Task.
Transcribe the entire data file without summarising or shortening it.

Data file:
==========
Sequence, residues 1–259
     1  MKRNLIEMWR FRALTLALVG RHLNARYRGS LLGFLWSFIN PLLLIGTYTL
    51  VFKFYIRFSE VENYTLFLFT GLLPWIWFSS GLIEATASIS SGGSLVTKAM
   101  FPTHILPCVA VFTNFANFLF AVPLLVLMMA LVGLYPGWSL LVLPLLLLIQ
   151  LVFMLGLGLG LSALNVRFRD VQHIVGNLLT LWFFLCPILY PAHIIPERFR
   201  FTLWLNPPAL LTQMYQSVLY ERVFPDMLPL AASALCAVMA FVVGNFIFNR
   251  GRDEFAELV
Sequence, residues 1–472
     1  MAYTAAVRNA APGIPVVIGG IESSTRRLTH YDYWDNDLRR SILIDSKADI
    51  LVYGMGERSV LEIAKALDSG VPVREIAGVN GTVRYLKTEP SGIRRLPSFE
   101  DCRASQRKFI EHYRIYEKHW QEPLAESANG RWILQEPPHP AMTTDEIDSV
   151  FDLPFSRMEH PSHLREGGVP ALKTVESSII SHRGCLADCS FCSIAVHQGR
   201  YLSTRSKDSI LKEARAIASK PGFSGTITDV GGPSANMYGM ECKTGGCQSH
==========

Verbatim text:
Sequence, residues 1–259
     1  MKRNLIEMWR FRALTLALVG RHLNARYRGS LLGFLWSFIN PLLLIGTYTL
    51  VFKFYIRFSE VENYTLFLFT GLLPWIWFSS GLIEATASIS SGGSLVTKAM
   101  FPTHILPCVA VFTNFANFLF AVPLLVLMMA LVGLYPGWSL LVLPLLLLIQ
   151  LVFMLGLGLG LSALNVRFRD VQHIVGNLLT LWFFLCPILY PAHIIPERFR
   201  FTLWLNPPAL LTQMYQSVLY ERVFPDMLPL AASALCAVMA FVVGNFIFNR
   251  GRDEFAELV
Sequence, residues 1–472
     1  MAYTAAVRNA APGIPVVIGG IESSTRRLTH YDYWDNDLRR SILIDSKADI
    51  LVYGMGERSV LEIAKALDSG VPVREIAGVN GTVRYLKTEP SGIRRLPSFE
   101  DCRASQRKFI EHYRIYEKHW QEPLAESANG RWILQEPPHP AMTTDEIDSV
   151  FDLPFSRMEH PSHLREGGVP ALKTVESSII SHRGCLADCS FCSIAVHQGR
   201  YLSTRSKDSI LKEARAIASK PGFSGTITDV GGPSANMYGM ECKTGGCQSH